How to rebuild credit after a business setback
Repay your debts, learn from your mistakes, get back in the credit game
Aja McClanahan had a go-big-or-go-home approach to starting her first business, a language translation agency.
“I went all out. I rented office space. Then I had to furnish that office,” McClanahan says of Comprehensive Global Services, in Elmhurst, Illinois. “I put it all on credit cards. I wanted to be official.”
After a year and a half, she closed the doors with $20,000 in credit card debt and a list of other financial entanglements to unwind.
McClanahan’s experience is all too common.
According to the Bureau of Labor Statistics, 20 percent of businesses fail in the first year and about 50 percent don’t last five years. Recovering financially
from a closed business can be overwhelming, and rebuilding credit can be
“If your business is failing, you probably have a lot of late payments. You may have a lot of debt that is outstanding,” says Brian Thompson, a certified financial planner at Brian Thompson Financial in Chicago.
Experts and business owners offer these tips for rebounding from – and rebuilding your credit after – a business setback:
Know your credit
Belinda Rosenblum, CPA and founder of OwnYourMoney.com, encourages her clients to pull a free credit report from AnnualCreditReport.com to verify whether business accounts are connected to personal credit histories.
I went all out. I rented office space. Then I had to furnish that office. I put it all on credit cards. I wanted to be official.
|— Aja McClanahan,
“Most times, business owners end up using their personal credit, particularly in the beginning,” she says. “Credit cards won’t grant you credit for a business if there is no credit history.”
Knowing whether your personal credit history is connected with your business accounts will help you decide how to approach settling the outstanding debts and work to rebuild your credit, she says.
Focus on paying your debts, and the IRS
Rebuilding your credit as a small-business owner is similar to how your build your personal credit. Pay your bills on time. Pay off debt to improve your credit utilization ratio. Clear up old, discharged debts lingering on your credit report.
Thompson, who is a former tax attorney, says filing tax returns and repaying any outstanding tax bills should be a priority for business owners forced to shut their doors. “The IRS, as a creditor, has more authority and avenues with which to collect their money,” he says.
If the business owner has commingled business and personal funds, the financial ramifications can be especially troublesome. The IRS is known to come after you personally for any outstanding business taxes, Thompson says.
Once the IRS files a tax lien, it will show up on your credit report, which can dramatically reduce your credit score.
Bankruptcy may not
wipe the slate clean
Often, the closing of a business is accompanied by a bankruptcy filing.
While a Chapter 7 filing provides an orderly process of liquidating a small business and settling qualifying outstanding debts, bankruptcy will not relieve you of any debts you have signed for personally.
Thompson notes that creditors may come after you for any debt not paid fully in bankruptcy, and those unpaid bills can be reported on your credit report.
Consult the advice of a bankruptcy attorney to determine if Chapter 7 is the best options in your personal situation.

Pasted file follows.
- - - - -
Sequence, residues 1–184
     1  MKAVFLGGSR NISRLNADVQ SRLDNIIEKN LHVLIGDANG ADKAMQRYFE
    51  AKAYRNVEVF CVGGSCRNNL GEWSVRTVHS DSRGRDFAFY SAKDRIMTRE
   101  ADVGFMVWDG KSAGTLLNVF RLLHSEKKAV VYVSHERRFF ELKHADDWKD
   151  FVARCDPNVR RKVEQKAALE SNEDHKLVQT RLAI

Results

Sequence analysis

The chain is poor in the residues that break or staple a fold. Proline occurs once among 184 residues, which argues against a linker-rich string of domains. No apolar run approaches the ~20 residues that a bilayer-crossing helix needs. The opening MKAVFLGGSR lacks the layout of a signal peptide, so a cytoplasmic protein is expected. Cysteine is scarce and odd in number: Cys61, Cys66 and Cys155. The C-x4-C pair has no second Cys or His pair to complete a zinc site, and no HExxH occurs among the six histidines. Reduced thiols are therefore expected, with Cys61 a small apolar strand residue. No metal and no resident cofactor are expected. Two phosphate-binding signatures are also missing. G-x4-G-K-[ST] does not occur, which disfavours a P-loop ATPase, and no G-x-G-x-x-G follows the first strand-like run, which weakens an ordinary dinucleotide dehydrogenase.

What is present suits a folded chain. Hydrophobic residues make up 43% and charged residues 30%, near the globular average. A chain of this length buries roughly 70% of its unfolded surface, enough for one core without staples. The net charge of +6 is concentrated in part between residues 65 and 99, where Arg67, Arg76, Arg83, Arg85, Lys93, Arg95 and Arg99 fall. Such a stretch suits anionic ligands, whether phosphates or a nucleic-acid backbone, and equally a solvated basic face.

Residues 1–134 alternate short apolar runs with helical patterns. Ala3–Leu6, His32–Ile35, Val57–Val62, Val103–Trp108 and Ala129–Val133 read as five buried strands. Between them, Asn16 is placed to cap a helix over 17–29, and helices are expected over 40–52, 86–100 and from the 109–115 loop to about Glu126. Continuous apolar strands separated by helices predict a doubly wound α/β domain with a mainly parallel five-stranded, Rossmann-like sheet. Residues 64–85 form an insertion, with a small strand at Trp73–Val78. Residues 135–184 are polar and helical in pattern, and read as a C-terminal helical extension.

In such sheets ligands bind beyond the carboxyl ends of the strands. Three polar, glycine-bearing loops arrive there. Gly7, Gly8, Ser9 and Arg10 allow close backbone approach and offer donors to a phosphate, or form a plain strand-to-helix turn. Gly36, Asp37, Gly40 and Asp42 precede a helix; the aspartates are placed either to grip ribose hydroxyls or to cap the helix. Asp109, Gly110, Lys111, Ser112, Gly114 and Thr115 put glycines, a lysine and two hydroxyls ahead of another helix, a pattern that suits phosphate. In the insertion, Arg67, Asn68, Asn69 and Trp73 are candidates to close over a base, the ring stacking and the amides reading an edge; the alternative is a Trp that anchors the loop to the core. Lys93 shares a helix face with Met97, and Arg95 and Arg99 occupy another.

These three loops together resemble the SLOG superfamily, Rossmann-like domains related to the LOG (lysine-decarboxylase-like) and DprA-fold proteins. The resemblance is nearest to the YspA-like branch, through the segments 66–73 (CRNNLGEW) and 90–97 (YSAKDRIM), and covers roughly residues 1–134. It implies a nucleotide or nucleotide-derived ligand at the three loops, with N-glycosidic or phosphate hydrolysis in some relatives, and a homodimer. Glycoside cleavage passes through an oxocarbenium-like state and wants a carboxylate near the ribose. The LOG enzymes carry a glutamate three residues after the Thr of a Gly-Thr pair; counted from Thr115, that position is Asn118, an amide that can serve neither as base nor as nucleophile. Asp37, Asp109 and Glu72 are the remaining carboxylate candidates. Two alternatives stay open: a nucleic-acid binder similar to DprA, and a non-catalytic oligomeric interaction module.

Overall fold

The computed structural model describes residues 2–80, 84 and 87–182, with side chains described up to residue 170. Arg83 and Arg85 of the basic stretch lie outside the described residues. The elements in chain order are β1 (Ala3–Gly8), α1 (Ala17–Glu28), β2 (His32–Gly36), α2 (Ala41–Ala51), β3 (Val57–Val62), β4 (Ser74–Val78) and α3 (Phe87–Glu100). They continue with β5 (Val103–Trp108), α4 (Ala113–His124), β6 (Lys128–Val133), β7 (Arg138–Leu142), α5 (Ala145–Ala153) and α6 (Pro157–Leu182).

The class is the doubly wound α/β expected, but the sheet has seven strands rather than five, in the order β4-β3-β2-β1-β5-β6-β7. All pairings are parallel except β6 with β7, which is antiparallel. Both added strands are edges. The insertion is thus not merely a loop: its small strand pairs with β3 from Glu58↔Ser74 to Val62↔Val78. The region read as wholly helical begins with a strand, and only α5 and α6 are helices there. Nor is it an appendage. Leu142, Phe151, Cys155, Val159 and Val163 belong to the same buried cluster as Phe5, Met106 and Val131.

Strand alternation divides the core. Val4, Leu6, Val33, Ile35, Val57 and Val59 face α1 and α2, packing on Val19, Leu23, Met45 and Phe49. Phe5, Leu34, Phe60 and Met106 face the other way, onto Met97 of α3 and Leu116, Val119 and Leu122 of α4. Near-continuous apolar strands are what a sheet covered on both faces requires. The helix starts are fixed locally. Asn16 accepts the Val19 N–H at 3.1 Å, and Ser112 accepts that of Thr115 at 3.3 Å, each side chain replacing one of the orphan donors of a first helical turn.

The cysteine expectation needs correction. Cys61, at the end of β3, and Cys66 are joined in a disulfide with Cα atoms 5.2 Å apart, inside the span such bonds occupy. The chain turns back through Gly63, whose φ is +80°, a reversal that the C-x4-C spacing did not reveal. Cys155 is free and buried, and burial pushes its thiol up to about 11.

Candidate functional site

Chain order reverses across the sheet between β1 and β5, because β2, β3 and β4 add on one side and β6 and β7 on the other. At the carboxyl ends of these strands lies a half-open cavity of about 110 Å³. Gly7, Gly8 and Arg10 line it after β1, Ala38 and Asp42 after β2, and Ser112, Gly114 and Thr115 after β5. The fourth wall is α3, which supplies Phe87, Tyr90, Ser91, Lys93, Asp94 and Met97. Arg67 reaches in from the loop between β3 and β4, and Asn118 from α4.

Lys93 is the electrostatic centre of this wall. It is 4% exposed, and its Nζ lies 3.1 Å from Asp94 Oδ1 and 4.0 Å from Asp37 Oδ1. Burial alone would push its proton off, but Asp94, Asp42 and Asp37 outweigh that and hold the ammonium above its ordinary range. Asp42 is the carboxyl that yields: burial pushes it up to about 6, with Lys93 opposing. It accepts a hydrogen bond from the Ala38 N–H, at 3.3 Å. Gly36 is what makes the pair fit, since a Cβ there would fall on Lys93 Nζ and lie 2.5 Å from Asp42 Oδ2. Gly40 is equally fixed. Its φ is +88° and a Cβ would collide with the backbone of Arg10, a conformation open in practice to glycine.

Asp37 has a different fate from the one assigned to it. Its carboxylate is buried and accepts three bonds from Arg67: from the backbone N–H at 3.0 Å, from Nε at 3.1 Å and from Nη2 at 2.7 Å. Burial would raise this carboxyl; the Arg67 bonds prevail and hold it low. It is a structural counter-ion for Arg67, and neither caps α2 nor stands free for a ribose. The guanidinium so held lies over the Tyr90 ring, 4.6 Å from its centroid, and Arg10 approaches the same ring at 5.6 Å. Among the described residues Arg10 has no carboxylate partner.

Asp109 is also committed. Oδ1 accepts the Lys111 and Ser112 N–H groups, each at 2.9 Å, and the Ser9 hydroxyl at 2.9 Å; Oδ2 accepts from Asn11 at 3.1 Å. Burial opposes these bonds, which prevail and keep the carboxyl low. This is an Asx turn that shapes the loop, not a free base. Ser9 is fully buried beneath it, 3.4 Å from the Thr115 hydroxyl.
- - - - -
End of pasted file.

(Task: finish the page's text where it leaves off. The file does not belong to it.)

Decide if your business credit is a keeper
A business can have a credit profile completely separate from the owner’s personal credit history, says Tai Steward, an accountant and CEO of Saida Financial Solutions in Houston. In this case, closing a business will not affect your personal credit hiistory as long as you have not personally guaranteed to cover any outstanding loans or credit cards.
Closing a business with a separate credit profile and starting over may be easier from a financial perspective, but the decision is not always clear-cut.
“Some places want to see that a business has been in existence for a while before extending credit,” Steward says. “If you’ve had a business for 20 years, it may be better to rebuild the business because it shows you already have longevity.”
Get back in the credit game
If your credit score is in the cellar after your business closed or a bankruptcy filing, Rosenbloom suggests a secured card as a way to start rebuilding your credit. You “secure” these cards with a deposit that's often equal to the credit line. Essentially, you're giving the lender your credit line in advance.
Most times business owners end up using their personal credit, particularly in the beginning.
|— Belinda Rosenblum,
CPA and founder of OwnYourMoney.com
Regularly check your credit score – many credit cards now offer free credit score trackers. After a year or so with a secured card, you likely can graduate to an unsecured card.
Learn from your
“It's only a truly epic fail if you don't learn anything,” Rosenbloom says.
“Not everything we do is going to work. The key is to pay attention, tweak along the way, and then be sure that we keep learning and growing.”
Start over, and don’t
be afraid to try again
McClanahan didn’t let a bad experience in business deter her for long.
Within a year of closing her first business, she opened the doors of her second venture, a database management consulting firm. She used the income from the second business to repay all of the outstanding credit card balances from her first business and to settle the charges incurred with the landlord after breaking the lease on her rented office space.
From her first to her current business, PrinciplesOfIncrease.com, she has learned plenty of lessons and has a new financial perspective. For one thing, she no longer finances her business with debt.
McClanahan’s advice: “Keep trying. As you hone your business acumen, you are bound to stumble onto something successful.”
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